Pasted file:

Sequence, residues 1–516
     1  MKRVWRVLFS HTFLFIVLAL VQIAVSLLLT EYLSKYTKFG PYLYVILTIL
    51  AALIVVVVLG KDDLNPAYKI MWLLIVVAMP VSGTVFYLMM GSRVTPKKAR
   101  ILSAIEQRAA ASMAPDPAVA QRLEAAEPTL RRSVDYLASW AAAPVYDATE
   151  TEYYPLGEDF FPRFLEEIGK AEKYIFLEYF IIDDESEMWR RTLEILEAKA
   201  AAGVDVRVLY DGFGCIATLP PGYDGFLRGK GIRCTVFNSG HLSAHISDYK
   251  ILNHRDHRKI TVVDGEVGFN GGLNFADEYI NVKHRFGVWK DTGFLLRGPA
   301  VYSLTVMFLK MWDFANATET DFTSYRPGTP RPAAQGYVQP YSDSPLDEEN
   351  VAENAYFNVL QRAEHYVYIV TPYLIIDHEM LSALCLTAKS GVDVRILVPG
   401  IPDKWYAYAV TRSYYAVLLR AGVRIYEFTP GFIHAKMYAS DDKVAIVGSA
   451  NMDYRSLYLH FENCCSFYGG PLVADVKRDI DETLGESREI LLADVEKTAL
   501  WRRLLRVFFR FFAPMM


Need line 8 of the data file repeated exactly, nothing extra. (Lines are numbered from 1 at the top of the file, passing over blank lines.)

   301  VYSLTVMFLK MWDFANATET DFTSYRPGTP RPAAQGYVQP YSDSPLDEEN